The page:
One & Done or More to Come?

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“Never judge a Quarterback off of his first year,” is a great quote to live by.

Ever since I was told that I’ve started to evaluate quarterbacks differently. Instead of judging them off of their first year I give them a three year process. The three year mark is a long enough frame because various things come into play within those three years.

In the very first year, a quarterback will often struggle with the pace, flow of the game. They don’t know their teammates as well which could lead to a few chemistry issues. Another problem is that most quarterbacks drafted high in the draft go to bad teams. Due to lack of experience, how are they supposed to be successful right off the bat? And even with those problems, opposing defenses don’t know to fully prepare for them, thus giving them a slight edge.

There has been cases where they fail in their first year and there have been cases where they succeed in their first year. One sample is never enough.

In year two, defenses are better prepared for the quarterback. They watch film, tapes and a lot of other useful tactics that help in their approach towards stopping them. Quarterbacks struggle and history shows that quarterbacks or any position, for that matter, struggle in the second year. That’s just how it goes.

Only a handful of quarterbacks didn’t endure the second year slump and those pretty much the franchise caliber guys. (Luck, Wilson etc)

Year three is when the player finally comes into their own. They’ve matured. They’ve gained experience. And they’ve seen a variety of defensive looks. Case in point, they’re more comfortable with their surroundings, coaches, players etc.

Whatever the case may be year three is when you find out if you have a stud or if you have a dud.

This evaluation can work for every quarterback, outside of Robert Griffin lll.

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Coming in as a rookie RG3 was arguably the best QB in his draft class. He had a tremendous arm, was very dead on when throwing the deep ball and had Olympic level speed. He was a tremendous athlete whose only downfall was not being able to slide at the appropriate times when facing pressure.

Nevertheless during his rookie season Griffin dominated the league. He was one of the highest rated passers. His completion total was decent and he had nice TD-INT ratio. In a week 17 showdown against the Dallas Cowboys Griffin outshined Tony Romo in a game that had playoff implications. RG3 even had a 14pt lead against the Seattle Seahawks in the playoffs following the win against the Cowboys before he got injured.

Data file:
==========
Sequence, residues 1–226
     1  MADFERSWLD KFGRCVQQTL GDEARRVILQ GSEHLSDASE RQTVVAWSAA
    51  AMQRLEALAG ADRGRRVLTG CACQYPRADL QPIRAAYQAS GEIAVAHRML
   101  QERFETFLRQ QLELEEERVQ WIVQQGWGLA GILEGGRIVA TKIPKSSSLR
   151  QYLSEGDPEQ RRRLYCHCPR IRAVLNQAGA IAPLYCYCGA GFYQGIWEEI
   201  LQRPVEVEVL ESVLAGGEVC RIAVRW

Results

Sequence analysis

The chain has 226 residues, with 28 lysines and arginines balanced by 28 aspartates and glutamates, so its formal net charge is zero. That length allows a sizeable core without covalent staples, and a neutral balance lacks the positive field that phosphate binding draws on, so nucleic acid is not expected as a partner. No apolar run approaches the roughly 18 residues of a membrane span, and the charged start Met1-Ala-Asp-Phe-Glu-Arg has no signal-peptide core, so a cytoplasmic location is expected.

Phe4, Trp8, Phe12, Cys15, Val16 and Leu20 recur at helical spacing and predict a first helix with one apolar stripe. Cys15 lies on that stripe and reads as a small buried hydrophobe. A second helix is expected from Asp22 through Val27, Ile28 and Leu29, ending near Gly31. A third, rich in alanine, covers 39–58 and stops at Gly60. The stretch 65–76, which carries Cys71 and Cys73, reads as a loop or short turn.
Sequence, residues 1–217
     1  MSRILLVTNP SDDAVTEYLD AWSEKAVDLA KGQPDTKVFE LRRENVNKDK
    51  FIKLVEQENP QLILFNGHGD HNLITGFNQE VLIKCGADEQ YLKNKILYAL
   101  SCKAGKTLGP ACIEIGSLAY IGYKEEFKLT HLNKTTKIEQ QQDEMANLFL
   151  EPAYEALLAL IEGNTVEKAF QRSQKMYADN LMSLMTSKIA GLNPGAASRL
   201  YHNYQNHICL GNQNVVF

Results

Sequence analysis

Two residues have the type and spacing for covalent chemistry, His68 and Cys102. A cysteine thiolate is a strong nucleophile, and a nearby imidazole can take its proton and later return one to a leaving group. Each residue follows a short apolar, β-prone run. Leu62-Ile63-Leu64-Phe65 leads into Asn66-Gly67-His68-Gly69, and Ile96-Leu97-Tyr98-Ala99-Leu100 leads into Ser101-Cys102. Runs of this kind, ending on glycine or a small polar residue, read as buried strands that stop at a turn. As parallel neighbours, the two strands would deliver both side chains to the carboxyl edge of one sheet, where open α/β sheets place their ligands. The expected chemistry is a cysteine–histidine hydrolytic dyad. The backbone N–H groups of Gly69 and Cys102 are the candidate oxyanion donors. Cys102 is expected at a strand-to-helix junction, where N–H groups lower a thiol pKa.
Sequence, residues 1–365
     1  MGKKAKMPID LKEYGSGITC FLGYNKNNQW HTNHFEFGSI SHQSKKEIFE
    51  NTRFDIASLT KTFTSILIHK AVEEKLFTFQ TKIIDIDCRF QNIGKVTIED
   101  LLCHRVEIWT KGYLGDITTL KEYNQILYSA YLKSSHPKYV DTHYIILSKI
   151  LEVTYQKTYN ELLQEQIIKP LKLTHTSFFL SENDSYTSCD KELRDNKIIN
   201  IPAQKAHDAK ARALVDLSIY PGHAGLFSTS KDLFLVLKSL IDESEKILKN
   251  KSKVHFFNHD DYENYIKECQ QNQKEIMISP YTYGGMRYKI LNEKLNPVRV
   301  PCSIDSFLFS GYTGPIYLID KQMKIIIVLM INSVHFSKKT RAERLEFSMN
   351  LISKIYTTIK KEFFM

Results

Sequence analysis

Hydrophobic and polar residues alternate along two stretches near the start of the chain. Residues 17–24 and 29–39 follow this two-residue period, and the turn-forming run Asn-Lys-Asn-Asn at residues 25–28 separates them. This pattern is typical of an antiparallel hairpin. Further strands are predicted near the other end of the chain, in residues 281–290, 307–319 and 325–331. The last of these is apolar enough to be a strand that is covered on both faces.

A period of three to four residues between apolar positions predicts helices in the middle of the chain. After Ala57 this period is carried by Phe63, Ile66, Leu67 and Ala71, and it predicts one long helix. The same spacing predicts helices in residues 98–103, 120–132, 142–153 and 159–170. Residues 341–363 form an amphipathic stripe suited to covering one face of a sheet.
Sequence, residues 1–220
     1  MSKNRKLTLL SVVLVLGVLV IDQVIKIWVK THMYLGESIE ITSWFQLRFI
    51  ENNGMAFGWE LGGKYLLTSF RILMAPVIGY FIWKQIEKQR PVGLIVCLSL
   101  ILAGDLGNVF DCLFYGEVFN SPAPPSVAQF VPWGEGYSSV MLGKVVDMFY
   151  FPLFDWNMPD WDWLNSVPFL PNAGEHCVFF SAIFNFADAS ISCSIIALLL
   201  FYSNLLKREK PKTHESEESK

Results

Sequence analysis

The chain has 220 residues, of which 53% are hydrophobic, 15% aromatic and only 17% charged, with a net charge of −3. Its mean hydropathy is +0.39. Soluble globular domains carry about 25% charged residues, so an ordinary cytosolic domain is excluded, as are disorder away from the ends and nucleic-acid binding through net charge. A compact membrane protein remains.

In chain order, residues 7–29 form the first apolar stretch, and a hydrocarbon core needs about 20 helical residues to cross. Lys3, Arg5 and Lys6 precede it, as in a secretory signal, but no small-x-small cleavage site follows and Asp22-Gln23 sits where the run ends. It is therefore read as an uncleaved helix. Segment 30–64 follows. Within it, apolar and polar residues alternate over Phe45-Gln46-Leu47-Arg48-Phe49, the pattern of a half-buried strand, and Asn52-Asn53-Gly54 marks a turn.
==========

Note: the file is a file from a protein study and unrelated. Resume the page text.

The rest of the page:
Unlike year one, year two wasn’t nearly as good.

Problems brew in the locker room between players and coaches; Griffin was injury riddled; the whole Redskins organization was in a flux. At the end of the season Mike Shanahan was fired and the Redskins moved in a different direction. To top it all off RG3 was injured yet again sending his mobility and health into a state of question.

That offseason the Redskins filled a couple of holes. They went and signed Jay Gruden as head coach, brought in safety Ryan Clark (Steelers) and defensive lineman Jason Hatcher (Cowboys) to shore up the defense and even stole wide-receiver DeSean Jackson away from the Eagles. They looked prime for a renaissance if RG3 was healthy and in tip top form.

Last season, RG3’s third year, ended up being a mess as well. He missed bits and pieces of Training Camp/pre-season action and wasn’t fully ready to go week one of the season. Need playbook, new coach and having a new target all added onto his struggles. At one point he even lost the trust of a few teammates.

Last season wasn’t even about football for him. It was more about him finding common ground with his new coach and his teammates, as well as regaining his health the thing that he ultimately failed to do.

Griffin was in & out of the lineup last season as well, but he did show signs of improvement when he was healthy. The jury is still out on whether or not RG3 can be a nice solid QB. His 2nd & 3rd seasons were injury riddled and filled with constant change in regards to the situation around him. (Luck and Wilson have always been in stable environments.)

If anything year 4 will start to tell the true story of Robert Griffin lll. He’ll have more time learn the playbook, get in sync with his weapons and get a better connection with his coach. More importantly he’ll finally be going through an offseason where he is completely healthy. (Hasn’t happened since his rookie year.)

So don’t doubt RG3 just yet. There is still some time left for him.

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